What You Need to Know About Student Loan Refunds

What You Need to Know About Student Loan Refunds

Student loans are designed to help you cover qualified education expenses, like tuition, fees and on-campus housing. Once the school applies the loan proceeds to your tuition bill, it's possible that you could receive what is commonly referred to as a "student loan refund."

A student would receive a refund check from their student loan if, after all tuition, housing and fees are taken out, there's a remaining balance says David Bakke, personal finance expert for Money Crashers, a financial management website.

But what do you do with this financial windfall? If you're expecting a student loan refund, here's what you need to know.

Why Students Get a Refund

A student loan refund most often happens if you're borrowing money to help cover college costs beyond tuition, fees and housing. For instance, you might need funds to pay for textbooks, to purchase a new laptop or for other education expenses.

That's useful if you don't have savings readily available that you can use for those expenses. Using a student loan refund to cover these expenses can keep you from having to rely on a credit card or personal loan that might carry a higher rate. If you get a refund keep in mind that it's not free money. Interest will continue to accrue even if you aren't making payments, and it will be added to your loan balance once you enter repayment.

Spend Student Loan Refunds Wisely

The biggest mistake you can make with your student loan refund is using the money to pay for anything other than costs related to education expenses, Bakke says.

"The money shouldn't be used to travel or make big purchases," Bakke says, "because when you spend that money, you're unnecessarily raising your overall level of student loan debt."

Sarah Brumley, founder of the family finance blog Lemon Blessings, routinely received $1,500 to $3,000 back each semester while in college. Rather than keeping it, she opted to give it back to avoid incurring additional student loan debt. So if you end up with more money than you really need, then talk to your school or lender to find out how to give it back. Lenders know this situation happens and many give you a period of time to return the funds without charging you interest. This time frame varies, so check the requirements sooner than later.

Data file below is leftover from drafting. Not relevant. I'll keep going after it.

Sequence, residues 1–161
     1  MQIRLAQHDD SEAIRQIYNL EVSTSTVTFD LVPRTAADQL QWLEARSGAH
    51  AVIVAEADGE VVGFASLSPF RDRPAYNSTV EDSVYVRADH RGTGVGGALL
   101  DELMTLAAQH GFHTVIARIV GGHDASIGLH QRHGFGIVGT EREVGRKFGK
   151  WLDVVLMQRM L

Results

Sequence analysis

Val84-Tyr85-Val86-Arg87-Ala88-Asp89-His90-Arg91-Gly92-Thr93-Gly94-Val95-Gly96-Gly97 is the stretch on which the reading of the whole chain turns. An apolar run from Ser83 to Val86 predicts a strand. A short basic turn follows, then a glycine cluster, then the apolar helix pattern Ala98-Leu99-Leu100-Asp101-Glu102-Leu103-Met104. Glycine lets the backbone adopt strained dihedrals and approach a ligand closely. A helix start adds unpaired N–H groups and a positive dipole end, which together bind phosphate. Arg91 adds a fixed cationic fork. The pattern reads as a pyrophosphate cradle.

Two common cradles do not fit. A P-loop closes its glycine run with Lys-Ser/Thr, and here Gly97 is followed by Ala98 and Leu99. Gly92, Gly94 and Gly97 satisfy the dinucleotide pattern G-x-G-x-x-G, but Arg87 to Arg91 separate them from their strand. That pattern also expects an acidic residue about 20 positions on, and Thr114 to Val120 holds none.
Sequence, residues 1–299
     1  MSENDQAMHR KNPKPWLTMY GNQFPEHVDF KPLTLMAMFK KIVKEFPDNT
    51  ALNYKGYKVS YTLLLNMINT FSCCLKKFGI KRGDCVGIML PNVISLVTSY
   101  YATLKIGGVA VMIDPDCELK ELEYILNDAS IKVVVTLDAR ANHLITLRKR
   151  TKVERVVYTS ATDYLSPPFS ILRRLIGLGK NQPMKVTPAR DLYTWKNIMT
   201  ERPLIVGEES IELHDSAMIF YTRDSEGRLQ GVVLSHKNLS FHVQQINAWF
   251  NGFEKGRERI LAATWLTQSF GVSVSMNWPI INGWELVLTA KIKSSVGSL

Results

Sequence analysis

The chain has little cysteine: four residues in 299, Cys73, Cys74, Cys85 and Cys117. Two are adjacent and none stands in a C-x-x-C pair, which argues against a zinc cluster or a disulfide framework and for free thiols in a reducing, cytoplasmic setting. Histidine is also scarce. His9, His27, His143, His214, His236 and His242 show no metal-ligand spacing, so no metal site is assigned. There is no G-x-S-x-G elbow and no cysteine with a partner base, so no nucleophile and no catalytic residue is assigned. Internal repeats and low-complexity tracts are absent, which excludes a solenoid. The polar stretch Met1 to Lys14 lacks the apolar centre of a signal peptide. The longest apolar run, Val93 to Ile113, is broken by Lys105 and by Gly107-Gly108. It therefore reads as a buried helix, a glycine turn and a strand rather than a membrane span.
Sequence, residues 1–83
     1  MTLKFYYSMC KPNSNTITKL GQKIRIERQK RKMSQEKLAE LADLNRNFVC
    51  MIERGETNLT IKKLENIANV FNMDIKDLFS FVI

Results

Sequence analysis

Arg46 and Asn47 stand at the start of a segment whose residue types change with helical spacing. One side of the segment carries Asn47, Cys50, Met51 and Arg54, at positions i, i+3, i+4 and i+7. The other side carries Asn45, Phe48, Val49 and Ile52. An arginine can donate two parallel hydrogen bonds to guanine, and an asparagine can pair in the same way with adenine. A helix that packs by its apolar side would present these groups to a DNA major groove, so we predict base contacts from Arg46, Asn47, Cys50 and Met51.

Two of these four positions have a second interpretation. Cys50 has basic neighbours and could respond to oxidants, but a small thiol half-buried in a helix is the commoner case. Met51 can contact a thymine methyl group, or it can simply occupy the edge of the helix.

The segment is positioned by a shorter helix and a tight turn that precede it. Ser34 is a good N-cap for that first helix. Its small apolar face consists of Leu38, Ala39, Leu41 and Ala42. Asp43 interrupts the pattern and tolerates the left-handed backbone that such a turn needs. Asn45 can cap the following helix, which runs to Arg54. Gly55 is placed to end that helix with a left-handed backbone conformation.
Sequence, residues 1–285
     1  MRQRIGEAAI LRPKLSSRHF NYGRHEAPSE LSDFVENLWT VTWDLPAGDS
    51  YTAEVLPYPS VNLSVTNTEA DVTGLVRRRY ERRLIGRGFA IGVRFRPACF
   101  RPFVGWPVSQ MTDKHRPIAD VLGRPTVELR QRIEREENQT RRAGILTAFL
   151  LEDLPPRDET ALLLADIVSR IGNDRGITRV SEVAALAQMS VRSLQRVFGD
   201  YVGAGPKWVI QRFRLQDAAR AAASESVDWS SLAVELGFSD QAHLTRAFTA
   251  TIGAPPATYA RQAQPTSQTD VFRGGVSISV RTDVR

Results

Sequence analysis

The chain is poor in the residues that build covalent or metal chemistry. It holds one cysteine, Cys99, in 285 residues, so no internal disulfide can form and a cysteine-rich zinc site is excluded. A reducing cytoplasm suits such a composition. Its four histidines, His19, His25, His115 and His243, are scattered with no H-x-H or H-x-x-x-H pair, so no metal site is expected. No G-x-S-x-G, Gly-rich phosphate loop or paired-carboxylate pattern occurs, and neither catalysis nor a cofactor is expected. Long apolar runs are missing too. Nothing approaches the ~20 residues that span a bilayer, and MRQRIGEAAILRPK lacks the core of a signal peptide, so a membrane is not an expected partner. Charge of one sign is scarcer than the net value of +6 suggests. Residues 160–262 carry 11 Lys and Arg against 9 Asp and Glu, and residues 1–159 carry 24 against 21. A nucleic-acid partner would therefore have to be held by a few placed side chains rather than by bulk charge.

"Whenever possible, students should use their refund check to pay back as much of their loan as possible," Brumley says. "This prevents the accumulation of interest and the temptation to simply spend it down the line."

Pinpoint Your True Borrowing Needs

If you require a student loan refund to help pay for books, supplies and living expenses and other required spending, take time to figure out exactly how much you'll need.

Brumley says to use your financial aid award letter if you have one or to contact your school's financial aid office to get a list of the current semester's charges for tuition, fees and on-campus housing to estimate what you need to borrow. You'll also need to factor in the cost of books, which may be less predictable from one semester to the next. There are loan amount calculators available to help crunch the numbers.

Keep a Student Loan Refund in Perspective

If you're getting a student loan refund, the right mindset can help you avoid any major mistakes.

"Understand that you borrowed the money to attend school," Bakke says. "Don't be tempted to spend it on anything else."

The money is meant for qualified college expenses, so if you end up not needing all of it, you should return the funds. And the sooner you can start making payments, you will help offset the interest that accrues. Making in-school payments — even as little as $25 a month — will help reduce the cost of your loan.

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